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From Ventilation to Ambulation: A Brain Injury Rehab Case Study

April 3rd, 2017 in  Allied Health
by Bijal Shah

Here, at NGPT, we often keep it clinical and career-oriented. Here's an inspiring case study that serves as a reminder of why we do what we do.

History and examination:

A 64 year old male was admitted to my facility in March, 2015, following a recent hospitalization with change in mental status and traumatic brain injury. Due to HIPAA, we are going to address him as a patient (pt) or Mr. M.

At the time of evaluation, he was on ventilator at night. His cuff was inflated at all times, and he was unable to tolerate deflation of cuff, and unable to tolerate capping or Passy Muir Valve (PMV). Because of this, he was not able to communicate at the time of evaluation.

During PT and OT evaluations, he demonstrated hypotonicity on bilateral upper and lower extremities. He was unable to perform any active movement, unable to follow one step simple commands verbally, visually or with tactile cues. He was unable to communicate with any device or unable to mouth words.

Functionally, he was totally dependent for all daily activities. His sitting balance was poor, and he was unable to tolerate any weight bearing activities, like standing or weight shifting. One of the major concerns was potential flexion contracture development in right wrist, fingers, and right knee.

At the hospital, he was intubated due to lung abscess. Due to his multiple aspirations, his PEG tube was converted into J tube in hospital.

Brain injury rehab treatment approach:

Mr. M. received PT, OT and ST five days a week, following his evaluation in the facility. The plan of care for PT and OT included increasing or normalizing tone, increasing strength, improving balance, contracture management and improving his participation in functional tasks. He was receiving proper nursing and respiratory care, along with regular rehab for his functional needs.  The treatment approach included bracing/splinting, mat exercise, bed mobility and transfer training, gait training, electrical stimulation and functional electrical stimulation for neuro reeducation, swallowing techniques etc.


He requires supervision for stair climbing and for long distance uneven surface ambulation.  Thus, we saw amazing treatment results with Mr. M with just consistent rehabilitation and a very good team work which included nursing as well as respiratory department.

Functional task: bed mobility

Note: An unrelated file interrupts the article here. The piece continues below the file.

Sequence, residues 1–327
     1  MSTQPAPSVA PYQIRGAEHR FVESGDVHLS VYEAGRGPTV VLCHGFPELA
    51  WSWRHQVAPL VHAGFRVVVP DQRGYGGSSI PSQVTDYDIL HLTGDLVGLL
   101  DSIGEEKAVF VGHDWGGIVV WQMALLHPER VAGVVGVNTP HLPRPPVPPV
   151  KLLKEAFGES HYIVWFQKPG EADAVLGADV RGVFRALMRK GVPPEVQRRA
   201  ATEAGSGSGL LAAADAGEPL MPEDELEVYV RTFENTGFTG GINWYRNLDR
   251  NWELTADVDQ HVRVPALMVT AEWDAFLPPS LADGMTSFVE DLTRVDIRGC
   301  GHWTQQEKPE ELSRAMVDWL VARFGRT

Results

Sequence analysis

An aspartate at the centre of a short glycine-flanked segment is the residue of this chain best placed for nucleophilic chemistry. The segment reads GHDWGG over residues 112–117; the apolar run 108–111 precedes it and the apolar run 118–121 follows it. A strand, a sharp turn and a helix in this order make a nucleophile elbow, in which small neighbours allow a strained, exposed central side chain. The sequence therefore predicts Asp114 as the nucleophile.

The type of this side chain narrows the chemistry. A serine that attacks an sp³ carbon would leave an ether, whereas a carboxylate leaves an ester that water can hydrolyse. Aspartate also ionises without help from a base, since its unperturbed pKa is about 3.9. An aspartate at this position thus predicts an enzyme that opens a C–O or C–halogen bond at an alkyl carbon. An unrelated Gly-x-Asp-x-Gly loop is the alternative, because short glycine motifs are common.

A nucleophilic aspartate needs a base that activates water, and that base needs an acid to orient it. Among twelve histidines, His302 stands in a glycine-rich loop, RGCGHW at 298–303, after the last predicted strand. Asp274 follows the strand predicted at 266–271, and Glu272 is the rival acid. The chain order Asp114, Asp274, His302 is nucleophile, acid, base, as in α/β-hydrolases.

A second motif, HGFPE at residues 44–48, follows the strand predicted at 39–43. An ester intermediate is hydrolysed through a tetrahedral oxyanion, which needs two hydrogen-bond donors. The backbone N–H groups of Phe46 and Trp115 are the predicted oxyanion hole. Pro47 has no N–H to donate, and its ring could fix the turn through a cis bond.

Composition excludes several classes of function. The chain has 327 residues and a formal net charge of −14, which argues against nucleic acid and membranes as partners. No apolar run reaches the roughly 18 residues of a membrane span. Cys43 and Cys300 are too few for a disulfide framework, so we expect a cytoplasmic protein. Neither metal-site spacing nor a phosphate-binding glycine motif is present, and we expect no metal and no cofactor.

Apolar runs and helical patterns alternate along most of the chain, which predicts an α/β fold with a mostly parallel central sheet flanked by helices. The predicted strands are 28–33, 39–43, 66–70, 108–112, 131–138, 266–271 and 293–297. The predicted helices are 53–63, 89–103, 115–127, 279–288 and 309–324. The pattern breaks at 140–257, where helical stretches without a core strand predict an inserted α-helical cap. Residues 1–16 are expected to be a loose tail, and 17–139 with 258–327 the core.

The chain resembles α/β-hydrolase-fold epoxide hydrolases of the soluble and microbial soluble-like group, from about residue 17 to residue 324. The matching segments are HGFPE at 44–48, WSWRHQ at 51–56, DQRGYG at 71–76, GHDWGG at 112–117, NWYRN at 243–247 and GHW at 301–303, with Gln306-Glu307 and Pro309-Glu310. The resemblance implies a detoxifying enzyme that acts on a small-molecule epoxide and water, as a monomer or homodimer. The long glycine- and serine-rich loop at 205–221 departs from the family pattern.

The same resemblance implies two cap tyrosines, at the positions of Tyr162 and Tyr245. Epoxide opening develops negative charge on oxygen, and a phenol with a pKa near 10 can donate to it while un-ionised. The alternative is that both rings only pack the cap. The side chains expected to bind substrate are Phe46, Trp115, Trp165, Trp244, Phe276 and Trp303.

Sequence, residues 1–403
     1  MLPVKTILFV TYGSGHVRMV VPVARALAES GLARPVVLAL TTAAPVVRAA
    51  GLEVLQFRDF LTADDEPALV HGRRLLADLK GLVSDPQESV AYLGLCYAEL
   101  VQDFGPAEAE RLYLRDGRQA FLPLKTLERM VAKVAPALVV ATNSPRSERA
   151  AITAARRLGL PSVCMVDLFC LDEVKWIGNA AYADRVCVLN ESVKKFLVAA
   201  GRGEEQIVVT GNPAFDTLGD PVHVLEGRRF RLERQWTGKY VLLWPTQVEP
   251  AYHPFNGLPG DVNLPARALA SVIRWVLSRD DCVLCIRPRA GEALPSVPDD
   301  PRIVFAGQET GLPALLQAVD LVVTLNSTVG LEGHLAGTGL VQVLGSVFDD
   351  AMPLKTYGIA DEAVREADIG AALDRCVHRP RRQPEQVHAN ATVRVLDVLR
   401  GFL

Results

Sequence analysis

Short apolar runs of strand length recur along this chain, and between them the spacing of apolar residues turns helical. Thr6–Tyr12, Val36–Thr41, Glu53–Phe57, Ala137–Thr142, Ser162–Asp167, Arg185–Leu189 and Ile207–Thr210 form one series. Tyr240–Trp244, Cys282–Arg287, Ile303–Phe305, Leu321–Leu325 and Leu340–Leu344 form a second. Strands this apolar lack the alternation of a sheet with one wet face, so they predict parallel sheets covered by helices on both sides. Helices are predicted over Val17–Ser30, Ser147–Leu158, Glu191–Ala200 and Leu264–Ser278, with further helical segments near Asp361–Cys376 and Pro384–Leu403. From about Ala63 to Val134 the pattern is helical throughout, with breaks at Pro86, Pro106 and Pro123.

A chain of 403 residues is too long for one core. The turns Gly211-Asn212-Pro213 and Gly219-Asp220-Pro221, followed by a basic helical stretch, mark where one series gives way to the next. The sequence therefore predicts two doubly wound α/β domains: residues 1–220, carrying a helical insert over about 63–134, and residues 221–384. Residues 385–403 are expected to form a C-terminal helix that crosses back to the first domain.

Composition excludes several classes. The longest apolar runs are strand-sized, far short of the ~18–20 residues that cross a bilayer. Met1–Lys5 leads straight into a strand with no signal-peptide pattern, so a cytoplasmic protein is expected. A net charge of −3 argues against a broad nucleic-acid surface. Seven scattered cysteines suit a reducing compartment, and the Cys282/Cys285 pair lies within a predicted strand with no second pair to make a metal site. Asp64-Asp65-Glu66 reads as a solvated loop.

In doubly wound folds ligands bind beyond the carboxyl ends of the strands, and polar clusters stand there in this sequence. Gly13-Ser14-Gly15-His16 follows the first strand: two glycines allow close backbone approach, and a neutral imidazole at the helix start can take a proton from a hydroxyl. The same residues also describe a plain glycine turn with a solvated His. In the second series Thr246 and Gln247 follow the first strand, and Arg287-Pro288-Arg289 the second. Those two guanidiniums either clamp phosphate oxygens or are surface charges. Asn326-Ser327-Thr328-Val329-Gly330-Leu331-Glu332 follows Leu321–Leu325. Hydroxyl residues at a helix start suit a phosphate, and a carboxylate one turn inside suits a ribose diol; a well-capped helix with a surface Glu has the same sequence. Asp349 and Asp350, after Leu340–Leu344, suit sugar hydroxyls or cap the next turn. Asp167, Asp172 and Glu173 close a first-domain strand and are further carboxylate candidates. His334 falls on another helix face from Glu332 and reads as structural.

At evaluation - Total
After 6 months - Min A
Current status - Indep

Functional task: sit to stand

At evaluation - Unable
After 6 months - Mod A
Current status - Indep

Functional task: functional transfer

At evaluation - Total
After 6 months - Mod A
Current status - Indep

Functional task: ambulation

At evaluation - Unable
After 6 months - Min A
Current  status - Indep for short distances, Sup for long distances


At evaluation - NPO
At 6 months - puree trials
Current status - regular


At evaluation - NPO
At 6 months - Honey thick trials
Current status -  Thin liquids


At time of eval - Unable
At 6 months - Unable to speak, but communicated via gestures or facial expressions
Current status - Able to communicate independently

Participation in therapy:

At time of eval - Poor
At 6 months - Moderate
Current status - No skilled services required


At time of eval - NPO
At 6 months - Total dependent
Current status - Indep

UE dressing:

At time of eval - Total dependent
At 6 months - Mod A
Current status -  Indep

LB dressing:

At time of eval - Total dependent
At 6 months - Max A
Current - Indep


This case seems like very slow progress, but we are talking about traumatic brain injury here! It's like teaching infants or babies to sit up, stand up, and walk!!

Kids take around 11 months or a year to learn to walk, and so do TBI patients!! Slow, steady, and consistent rehab is key.  This is one of my favorite cases so far, as it is a successful tale teller for importance of working as a team. Together, we can achieve amazing successes and bring near normal life to our patients.

We physical therapists usually do not give enough credit to ourselves. We are usually the ones who help people to walk, helping them to take their first steps after surgeries like total hip and total knee replacements. We are the one spreading smiles across patients' faces after relieving the pain. It's physical therapists who listen to patients like their own family members, suggesting a variety of treatment methods to “fix the problems.”


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